From observations of the sea being ruffled by the wind, Lord Kelvin [11] described the effects of viscosity and relative velocity upon a fluid surface. The movement of one layer of fluid over another causes a boundary disturbance commonly known as the Kelvin-Helmholtz (KH) instability [11] [12] . This phenomenon is discussed extensively in references by Miles [13] , Lamb [14] and others. Figure 1 illustrates an assumed bulk roll-up of the fluid interface between the laminar and turbulent regions similar in form to the KH instability. This figure illustrates flow conditions over a smooth boundary. The presence of boundary roughness elements compound this bulk roll-up as the laminar region moves upward over the roughness elements. This process can be visualized as a wave increases in height when it comes ashore on a beach.

The interface between turbulent flow and the surface of the laminar sublayer has to be disturbed and irregular in shape similar to wind moving over waves. Immediately above the laminar sublayer eddies are developing and diffusing throughout the turbulent layer above. As these eddies protrude into the laminar sublayer, the sublayer must speed up or slow down and adjust in depth to accommodate this intrusion. Both the turbulent flow and the laminar sublayer are moving in the direction of flow, but the turbulent flow is moving faster than the irregular wave forms on the surface of the laminar sublayer. The wave-like irregular shape of the surface of the disturbed laminar sublayer causes a roughness that interferes with the turbulent flow above. We will assume that we can model this roughness effect with the following equation:

Figure 1. Instability and roughness at interface of laminar and turbulent flow.

(13)

where C = adjustment for a moving roughness (0 < C ≤ 1)

H_{L} = height of wave of laminar sublayer above the boundary

D_{L} = average height of laminar sublayer.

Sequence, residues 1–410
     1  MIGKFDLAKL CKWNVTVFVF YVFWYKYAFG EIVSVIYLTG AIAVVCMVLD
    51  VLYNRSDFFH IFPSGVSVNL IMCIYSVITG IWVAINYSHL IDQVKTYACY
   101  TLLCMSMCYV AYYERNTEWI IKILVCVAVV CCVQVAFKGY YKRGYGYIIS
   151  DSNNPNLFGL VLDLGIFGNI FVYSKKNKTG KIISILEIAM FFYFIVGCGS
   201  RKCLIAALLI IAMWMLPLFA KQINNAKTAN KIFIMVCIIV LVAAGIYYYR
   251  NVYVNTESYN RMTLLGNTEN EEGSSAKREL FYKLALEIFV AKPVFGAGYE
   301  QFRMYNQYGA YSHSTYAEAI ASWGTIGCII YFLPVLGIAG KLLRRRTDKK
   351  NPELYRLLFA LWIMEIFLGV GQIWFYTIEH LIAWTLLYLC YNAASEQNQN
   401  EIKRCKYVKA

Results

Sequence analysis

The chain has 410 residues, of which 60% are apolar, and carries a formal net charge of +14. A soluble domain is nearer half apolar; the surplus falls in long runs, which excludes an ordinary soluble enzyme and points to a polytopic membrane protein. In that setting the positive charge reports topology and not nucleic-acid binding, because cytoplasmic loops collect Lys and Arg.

For a symmetrical wave pattern, the maximum value for H_{L} is two times D_{L}, in which case the lowest part of the wave contacts the boundary (Figure 2). The turbulent flow, thus, contacts the boundary part of the time. It could be argued that there is always a small thickness of laminar flow at the boundary because at the boundary the velocity of fluid movement must be zero. This boundary effect may distort the lower shape of the assumed wave pattern. This distortion should not affect the Z_{0} value, however, because according to Equation (8) by Abtew et al. [5] , the Z_{0} is a function of the top half (H-D) of a wave pattern. Interference by roughness elements slows the turbulent movement and further bunches the laminar flow causing it to amplify the laminar sublayer surface roughness.

Because H_{L} is twice D_{L}, Equation (13) reduces to

. (14)

The fluid roughness changes in proportion to the change in average sublayer depth. Street et al. [15] (1996, page 334) give the following equation for the average depth of the laminar sublayer:

. (15)

If we substitute the expression for D_{L} from this equation into D_{L} in Equation (14), we obtain

. (16)

The friction factor, f, is not independent of R for smooth pipe flow. We can,

Figure 2. Illustration of apparent roughness at the surface of the laminar sublayer.